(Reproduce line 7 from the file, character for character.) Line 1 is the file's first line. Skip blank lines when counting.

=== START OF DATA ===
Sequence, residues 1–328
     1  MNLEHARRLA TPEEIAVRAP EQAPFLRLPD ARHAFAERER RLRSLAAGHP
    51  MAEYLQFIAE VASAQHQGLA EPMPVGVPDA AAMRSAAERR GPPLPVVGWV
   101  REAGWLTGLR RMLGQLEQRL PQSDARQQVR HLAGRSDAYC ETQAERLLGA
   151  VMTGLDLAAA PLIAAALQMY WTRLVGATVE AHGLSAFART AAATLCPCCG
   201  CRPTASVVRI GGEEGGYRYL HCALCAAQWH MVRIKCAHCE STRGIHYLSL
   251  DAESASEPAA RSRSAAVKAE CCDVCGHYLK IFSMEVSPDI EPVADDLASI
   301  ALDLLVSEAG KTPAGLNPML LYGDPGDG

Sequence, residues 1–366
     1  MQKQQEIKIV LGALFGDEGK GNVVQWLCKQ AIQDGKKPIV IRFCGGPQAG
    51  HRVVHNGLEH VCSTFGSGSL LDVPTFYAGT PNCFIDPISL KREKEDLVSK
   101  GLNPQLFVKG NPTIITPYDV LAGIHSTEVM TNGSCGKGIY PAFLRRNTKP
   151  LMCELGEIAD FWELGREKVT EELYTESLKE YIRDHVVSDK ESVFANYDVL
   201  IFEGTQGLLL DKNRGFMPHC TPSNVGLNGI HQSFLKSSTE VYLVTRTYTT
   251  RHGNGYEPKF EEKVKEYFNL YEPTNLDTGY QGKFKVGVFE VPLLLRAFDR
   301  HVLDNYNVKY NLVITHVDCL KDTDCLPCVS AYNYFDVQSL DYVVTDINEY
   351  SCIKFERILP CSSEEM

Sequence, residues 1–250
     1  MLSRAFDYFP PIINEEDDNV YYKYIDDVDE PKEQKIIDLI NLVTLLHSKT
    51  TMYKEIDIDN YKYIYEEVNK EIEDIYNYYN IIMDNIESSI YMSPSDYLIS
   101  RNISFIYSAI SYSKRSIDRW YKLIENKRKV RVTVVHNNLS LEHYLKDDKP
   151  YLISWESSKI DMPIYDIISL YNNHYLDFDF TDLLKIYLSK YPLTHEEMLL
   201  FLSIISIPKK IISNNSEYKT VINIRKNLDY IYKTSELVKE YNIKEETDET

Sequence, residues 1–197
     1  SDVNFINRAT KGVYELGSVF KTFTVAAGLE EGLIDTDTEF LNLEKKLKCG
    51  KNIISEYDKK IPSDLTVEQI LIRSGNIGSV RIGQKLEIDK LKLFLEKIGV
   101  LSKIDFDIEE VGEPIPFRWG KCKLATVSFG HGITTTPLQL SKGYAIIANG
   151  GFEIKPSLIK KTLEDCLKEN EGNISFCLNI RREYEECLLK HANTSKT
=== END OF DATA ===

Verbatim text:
   251  DAESASEPAA RSRSAAVKAE CCDVCGHYLK IFSMEVSPDI EPVADDLASI